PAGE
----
This story has been revised with a correction and an update. Safeguard Business Systems did appeal the $4.4 million arbitration award to franchise distributor Dawn Teply. An earlier version of this story erred on that point. In a ruling Thursday, Feb. 21, the Idaho Supreme Court upheld that award.
The Idaho Supreme Court has upheld a $6 million judgment awarded to a Boise business owner who claimed he was wronged by the national franchiser from whom he obtained business forms and other office supplies.
Roger Thurston, a distributor with Safeguard Business Systems since 1987, sued the company in 2014 after it began poaching business from several of Thurston’s customers. In 2016, an Ada County jury found that Safeguard had violated its franchise agreement and harmed Thurston’s business, a conclusion also reached by the Supreme Court.
“This is an unqualified victory for Roger Thurston,” attorney James Mulcahy wrote in an email to the Idaho Statesman.
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Paul Genender, an attorney who represented Safeguard, could not be reached immediately Wednesday.
The problems for Thurston began after Safeguard in 2013 bought two of Thurston’s Treasure Valley competitors, DocuSource and Idaho Business Forms. They became Safeguard distributors.
Under Thurston’s contract with Safeguard, Docusource and IBF should have stopped doing business with customers who bought from Thurston. Safeguard was required to disclose information about any common customers but hid that data.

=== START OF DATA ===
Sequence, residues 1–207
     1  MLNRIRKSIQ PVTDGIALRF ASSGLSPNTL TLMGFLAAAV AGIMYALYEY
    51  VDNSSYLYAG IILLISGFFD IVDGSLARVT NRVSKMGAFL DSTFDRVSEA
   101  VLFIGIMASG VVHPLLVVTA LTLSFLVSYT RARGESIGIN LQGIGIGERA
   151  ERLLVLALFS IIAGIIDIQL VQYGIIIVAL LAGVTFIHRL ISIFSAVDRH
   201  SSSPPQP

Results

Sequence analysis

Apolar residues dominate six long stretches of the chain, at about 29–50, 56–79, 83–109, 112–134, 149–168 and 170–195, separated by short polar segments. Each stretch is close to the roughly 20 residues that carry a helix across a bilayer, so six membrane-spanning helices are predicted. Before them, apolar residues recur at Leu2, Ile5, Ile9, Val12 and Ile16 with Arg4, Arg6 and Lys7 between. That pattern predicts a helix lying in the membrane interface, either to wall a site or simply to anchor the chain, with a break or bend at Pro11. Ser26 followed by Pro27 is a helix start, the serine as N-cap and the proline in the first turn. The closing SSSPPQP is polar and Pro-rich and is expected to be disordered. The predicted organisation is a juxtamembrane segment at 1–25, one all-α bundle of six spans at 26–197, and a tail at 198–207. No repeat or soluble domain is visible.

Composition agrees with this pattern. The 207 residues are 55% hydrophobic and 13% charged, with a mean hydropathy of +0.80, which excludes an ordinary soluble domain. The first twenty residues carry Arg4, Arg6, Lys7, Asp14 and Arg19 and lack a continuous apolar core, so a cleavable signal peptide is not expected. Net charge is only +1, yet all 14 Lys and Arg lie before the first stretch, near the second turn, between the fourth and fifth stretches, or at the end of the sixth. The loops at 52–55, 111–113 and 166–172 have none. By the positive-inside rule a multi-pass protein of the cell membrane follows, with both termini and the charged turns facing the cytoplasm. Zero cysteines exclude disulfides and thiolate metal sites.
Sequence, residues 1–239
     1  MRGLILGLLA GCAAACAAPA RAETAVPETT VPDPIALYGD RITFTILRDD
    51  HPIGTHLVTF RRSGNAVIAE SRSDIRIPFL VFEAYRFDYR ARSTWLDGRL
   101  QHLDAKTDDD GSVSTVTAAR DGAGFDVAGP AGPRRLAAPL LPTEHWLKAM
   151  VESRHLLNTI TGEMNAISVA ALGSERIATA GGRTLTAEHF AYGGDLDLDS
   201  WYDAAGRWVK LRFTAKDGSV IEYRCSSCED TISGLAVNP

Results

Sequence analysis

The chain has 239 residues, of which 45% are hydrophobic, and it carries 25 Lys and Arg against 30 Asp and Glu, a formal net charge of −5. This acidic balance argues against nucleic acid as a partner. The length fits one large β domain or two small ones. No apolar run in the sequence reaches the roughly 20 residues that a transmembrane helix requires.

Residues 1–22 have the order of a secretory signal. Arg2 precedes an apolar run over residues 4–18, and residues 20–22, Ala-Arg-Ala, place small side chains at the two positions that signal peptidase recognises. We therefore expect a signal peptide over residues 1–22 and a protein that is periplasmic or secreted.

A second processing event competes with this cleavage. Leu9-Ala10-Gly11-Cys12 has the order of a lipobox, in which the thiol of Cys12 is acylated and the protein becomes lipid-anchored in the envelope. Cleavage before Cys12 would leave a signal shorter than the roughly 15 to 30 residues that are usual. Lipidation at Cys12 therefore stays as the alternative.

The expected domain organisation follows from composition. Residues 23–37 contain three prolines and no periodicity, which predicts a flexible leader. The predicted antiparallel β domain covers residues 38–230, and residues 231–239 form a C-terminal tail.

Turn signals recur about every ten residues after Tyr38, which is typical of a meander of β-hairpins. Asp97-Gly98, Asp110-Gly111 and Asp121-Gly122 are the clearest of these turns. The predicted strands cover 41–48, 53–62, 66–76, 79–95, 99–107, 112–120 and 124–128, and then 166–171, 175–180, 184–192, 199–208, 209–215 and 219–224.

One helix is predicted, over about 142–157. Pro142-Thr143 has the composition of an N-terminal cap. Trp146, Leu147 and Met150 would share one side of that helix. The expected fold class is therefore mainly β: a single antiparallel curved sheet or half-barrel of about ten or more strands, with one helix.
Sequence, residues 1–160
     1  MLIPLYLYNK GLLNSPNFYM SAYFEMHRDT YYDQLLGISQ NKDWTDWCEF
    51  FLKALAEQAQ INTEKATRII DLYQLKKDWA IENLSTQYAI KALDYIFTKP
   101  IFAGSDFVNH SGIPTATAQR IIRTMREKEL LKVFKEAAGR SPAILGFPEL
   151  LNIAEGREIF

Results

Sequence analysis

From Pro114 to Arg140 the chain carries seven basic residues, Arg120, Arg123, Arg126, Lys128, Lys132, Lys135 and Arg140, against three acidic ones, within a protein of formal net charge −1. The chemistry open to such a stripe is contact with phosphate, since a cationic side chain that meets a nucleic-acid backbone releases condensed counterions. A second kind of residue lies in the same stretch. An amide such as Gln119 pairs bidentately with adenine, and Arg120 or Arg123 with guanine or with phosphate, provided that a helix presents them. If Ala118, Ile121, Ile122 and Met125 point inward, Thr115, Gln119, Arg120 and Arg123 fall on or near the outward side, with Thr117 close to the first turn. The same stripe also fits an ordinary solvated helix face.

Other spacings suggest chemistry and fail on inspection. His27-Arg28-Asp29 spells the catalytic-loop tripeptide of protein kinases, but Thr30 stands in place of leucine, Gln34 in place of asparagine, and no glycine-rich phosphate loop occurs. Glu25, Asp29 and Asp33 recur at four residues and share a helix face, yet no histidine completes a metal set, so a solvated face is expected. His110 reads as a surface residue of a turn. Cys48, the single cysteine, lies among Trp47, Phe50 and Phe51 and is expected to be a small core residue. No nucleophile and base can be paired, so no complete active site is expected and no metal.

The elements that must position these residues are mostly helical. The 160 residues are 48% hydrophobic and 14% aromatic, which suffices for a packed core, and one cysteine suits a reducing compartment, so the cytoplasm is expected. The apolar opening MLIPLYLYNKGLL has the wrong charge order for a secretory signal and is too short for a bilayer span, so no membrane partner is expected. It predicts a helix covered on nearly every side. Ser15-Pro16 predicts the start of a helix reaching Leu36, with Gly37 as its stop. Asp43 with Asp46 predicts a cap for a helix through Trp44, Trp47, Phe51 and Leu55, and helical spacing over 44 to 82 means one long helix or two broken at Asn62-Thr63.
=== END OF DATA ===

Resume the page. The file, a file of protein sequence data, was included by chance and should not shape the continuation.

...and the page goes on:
Safeguard — owned by Deluxe Corp., one of the nation’s largest sellers of banking checks — supplied products to DocuSource and Idaho Business Forms at prices that were 40 percent less than the wholesale prices offered to Thurston. That put him at a competitive disadvantage and angered customers who felt Thurston had overcharged them.
An Ada County jury found in favor of Thurston after a trial in November and December 2016. It awarded Thurston $1.6 million in damages and $4.75 million in punitive damages. Ada County District Judge Steven Hippler later reduced the punitive award to $4.4 million to comply with Idaho’s cap on punitive damages.
In 2017, Safeguard asked Hippler to strike $1.4 million from the damage award, saying Thurston had not proved he was damaged. The company also asked the judge to throw out the punitive award, claiming there was no evidence Safeguard had “an extremely harmful state of mind” toward Thurston. Hippler upheld the full award.
In its 24-page decision, the Supreme Court on Tuesday rejected Safeguard’s contentions, ruling that the jury’s conclusions were “supported by substantial evidence.” The court also found that punitive damages were appropriate.
“Punitive damages are reserved for cases that involve ‘oppressive, fraudulent, malicious or outrageous conduct,’” Justice Richard Bevan wrote. “Safeguard Business Systems’ active concealment of Idaho Business Forms and DocuSource sales to Thurston’s protected customers supported the jury’s award of punitive damages.”
A second Safeguard distributor in Boise, Dawn Teply, also accused Safeguard of poaching her customers. She was initially a plaintiff in Thurston’s lawsuit, but a clause in her distributor agreement called for her dispute to be taken to arbitration. A three-member arbitration panel later awarded her $4.4 million. The Idaho Supreme Court upheld that award on Thursday, Feb. 21.